Free Alec! End top posting!

  3. “Should have bag skated him for a couple more days there.” He rolled the dice and hit 7. It’s early enough to make the adjustment. I’d be damned surprised if he came back Wednesday night to play.

    Sounds like Sutter has a couple special “practices” for him lined up. Just don’t puke on the benches!

  4. Jim Fox posted the practice line combinations this morning and the defense pairs were:

    Voynov/Mitchell
    Regehr/Doughty
    Greene/Martinez
    Muzzin/Ellerby

    That 4th combo might mean they will be scratched from the next game.

    Also, Carbomb is being put on the 2nd line with Carter and Richards, which might mean King is scratched, but that could still change.

    • I really hope that Carcillo stays a scratch. Personally, I see very little value in him. Yes he has had chemistry with Carter & Richards in the past; but the upside going forward is miniscule. Instead Frattin has been on eof the best forwards on the team through 3 games and has shown flashes of being the power forward that a playmaking Richards and sniping Carter need. Frattin has the upside and has been playing well, moving him off that line now is a mistake.

      • I agree completely! Frattin has shown that he is working hard to settle in with this team. He certainly has skills. To take him away from this years “Kings project” would be a very bad decision. We have the pieces to complete this puzzle. Sutter just needs to use the right pieces.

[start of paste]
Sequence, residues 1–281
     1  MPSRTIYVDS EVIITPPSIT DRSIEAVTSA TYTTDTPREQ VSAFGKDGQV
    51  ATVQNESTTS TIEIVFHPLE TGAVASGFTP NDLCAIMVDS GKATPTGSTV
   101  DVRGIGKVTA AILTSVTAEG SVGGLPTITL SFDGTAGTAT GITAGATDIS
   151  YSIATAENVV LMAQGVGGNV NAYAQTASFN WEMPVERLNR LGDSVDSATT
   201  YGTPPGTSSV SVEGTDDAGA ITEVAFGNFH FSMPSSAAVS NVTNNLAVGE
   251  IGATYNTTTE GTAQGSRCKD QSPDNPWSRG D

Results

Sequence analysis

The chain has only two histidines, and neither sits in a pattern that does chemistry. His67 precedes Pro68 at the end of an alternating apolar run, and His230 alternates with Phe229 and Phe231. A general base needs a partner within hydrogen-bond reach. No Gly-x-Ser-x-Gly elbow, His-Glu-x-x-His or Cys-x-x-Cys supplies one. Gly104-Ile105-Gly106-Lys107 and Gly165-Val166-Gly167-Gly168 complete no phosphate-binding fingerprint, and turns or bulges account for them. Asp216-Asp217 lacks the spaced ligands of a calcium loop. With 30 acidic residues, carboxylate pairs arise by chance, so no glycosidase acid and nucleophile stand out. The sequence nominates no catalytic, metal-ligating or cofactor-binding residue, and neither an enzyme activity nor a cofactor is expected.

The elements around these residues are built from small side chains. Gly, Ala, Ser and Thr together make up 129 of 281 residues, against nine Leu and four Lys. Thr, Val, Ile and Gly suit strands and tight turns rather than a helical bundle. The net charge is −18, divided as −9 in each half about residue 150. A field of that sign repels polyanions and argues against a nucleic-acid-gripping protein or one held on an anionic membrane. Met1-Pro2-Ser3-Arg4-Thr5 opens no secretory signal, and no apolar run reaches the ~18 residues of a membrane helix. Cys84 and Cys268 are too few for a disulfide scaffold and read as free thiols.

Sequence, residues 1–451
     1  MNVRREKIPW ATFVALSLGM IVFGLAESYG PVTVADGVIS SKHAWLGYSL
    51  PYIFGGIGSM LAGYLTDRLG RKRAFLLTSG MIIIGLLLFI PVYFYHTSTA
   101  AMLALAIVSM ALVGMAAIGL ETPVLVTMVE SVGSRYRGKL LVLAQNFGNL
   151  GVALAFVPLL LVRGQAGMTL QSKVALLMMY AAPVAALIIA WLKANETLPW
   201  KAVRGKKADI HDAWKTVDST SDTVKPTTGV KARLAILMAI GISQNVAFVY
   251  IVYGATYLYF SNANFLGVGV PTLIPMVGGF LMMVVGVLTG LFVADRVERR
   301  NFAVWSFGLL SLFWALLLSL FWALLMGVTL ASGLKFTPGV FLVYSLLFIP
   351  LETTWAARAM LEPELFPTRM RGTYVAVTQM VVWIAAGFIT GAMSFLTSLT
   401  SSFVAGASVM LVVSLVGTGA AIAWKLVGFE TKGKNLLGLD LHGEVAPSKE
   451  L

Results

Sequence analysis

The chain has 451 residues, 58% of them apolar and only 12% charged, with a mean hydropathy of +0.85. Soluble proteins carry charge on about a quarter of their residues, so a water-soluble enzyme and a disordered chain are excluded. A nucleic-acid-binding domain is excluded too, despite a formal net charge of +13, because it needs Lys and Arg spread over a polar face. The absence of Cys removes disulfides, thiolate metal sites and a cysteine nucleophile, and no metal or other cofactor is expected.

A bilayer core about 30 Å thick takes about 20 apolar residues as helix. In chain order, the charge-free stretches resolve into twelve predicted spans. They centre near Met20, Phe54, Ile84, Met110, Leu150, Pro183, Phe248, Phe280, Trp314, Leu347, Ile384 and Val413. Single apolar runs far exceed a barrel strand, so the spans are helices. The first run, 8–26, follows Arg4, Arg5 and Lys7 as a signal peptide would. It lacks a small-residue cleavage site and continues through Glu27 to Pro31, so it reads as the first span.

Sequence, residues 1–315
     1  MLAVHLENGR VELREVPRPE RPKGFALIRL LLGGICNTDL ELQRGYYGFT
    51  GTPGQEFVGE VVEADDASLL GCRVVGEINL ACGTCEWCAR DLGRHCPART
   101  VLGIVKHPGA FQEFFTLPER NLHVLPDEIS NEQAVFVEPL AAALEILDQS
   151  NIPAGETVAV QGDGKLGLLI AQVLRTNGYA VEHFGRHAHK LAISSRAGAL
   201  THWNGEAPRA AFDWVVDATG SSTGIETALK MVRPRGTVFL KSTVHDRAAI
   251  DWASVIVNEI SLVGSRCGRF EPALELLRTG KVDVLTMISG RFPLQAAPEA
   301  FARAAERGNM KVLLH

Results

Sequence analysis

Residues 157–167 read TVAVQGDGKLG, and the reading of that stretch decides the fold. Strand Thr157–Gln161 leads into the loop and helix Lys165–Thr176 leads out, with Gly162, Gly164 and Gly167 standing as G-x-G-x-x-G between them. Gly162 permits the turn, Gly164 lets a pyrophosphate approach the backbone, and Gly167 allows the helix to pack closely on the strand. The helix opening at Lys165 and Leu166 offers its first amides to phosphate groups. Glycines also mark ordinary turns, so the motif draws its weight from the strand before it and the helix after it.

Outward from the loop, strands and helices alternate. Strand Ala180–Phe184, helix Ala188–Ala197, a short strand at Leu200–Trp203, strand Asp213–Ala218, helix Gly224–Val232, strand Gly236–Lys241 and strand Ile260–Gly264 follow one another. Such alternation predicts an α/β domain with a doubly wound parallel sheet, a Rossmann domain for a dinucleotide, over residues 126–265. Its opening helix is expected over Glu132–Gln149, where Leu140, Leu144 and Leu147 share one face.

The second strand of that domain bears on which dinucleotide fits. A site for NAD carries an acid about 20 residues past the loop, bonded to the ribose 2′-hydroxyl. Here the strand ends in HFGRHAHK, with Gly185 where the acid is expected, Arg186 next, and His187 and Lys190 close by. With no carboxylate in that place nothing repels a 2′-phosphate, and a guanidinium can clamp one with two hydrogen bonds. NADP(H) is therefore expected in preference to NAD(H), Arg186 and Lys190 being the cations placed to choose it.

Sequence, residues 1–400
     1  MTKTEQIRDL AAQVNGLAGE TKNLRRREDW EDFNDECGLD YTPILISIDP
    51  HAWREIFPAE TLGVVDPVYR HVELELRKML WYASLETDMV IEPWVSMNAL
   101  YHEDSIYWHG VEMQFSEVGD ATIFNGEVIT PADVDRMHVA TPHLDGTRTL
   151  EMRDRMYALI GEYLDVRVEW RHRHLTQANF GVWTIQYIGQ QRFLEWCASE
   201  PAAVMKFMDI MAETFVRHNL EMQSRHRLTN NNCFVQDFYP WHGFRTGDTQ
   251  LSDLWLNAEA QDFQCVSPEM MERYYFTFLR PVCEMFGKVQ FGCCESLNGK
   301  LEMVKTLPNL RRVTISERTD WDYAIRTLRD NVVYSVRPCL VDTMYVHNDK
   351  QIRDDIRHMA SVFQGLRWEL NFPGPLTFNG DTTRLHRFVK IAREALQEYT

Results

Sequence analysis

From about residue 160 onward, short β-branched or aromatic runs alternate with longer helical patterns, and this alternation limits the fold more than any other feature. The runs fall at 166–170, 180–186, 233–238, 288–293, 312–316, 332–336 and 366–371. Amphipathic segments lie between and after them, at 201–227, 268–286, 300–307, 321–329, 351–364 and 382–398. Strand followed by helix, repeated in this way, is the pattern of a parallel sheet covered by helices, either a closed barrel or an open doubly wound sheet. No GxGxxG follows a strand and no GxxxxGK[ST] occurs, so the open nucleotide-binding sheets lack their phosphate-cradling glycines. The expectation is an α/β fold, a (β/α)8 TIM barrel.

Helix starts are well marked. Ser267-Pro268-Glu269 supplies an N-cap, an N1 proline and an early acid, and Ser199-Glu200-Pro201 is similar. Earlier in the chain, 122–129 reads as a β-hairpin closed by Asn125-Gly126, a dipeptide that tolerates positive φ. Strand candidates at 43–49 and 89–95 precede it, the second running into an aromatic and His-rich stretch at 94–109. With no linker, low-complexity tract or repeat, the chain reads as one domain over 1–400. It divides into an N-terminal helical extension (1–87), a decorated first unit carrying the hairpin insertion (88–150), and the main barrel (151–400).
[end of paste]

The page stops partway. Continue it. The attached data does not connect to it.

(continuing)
5. I don’t know about Muzzin (other than Bobby is probably right…. you either have poise at that age or you’d better learn it fast), but I prefer to comment on some of Lombardi’s decisions.
    Specifically giving a 2 year contract to Regehr. Maybe he helped out a lot in last year’s playoffs, but he seems to be a ‘weight’ rather than a support in his role as Doughty’s partner.

    He already seems slow and the season’s just started. What’ll it be like in another year?

  6. Speaking of the Sharks they just killed NY 9-2 last night. Now if that doesn’t piss you off I don’t know what will.

  7. No offense, but I just re-read your January piece and there is nothing to corroborate your theory that he has a fragile psyche or demons between the ears. I agree he plays hesitant, and sometimes without poise, but I don’t see any evidence that he’s crying in his Xbox after every rebuke from a coach or bad stat sheet. The other thing I can’t agree with is that he’s no closer to sticking today than he was then. Regardless of Sutter’s blunt criticisms, he clearly believes in the kid wholeheartedly to put him out on opening night, coming off an injury, and having been outplayed by Martinez. “All between the ears” is something you could say about 90% of young players. “Demons” and “fragile psyche” – that’s Patrick O’Sullivan.

    • Or Patrick O’neal

      • One reason why Muzzin played pretty much all last season was because Greene was out pretty much the entire regular season.
        Martinez was hurt and could never get back into the rotation.
        Muzzin played briefly in the 2010-2011 season when Greene was out the 1st 10 games I think at the beginning of the season recouping from surgery. He went back to Manchester after that.
        Muzzin has not been all that great and I think Sutter has been trying to build that confidence with him, but he’s not seeing anything to indicate he is getting any better after essentially 3 seasons.
        AMART is a little older, but was much more reliable defensively and also helped chip in on the PP.
        Sutter doesn’t believe as much in Muzzin as he might have once had. Clearly his comments pretty much say pretty bluntly Muzzin needs to be a lot better, and he hasn’t seen it yet.

  8. As expected AMarts in Muzzin out. Carbomb getting his debut while King sits. I like it. :)

  9. Ok, our team has returned. Welcome back, boys!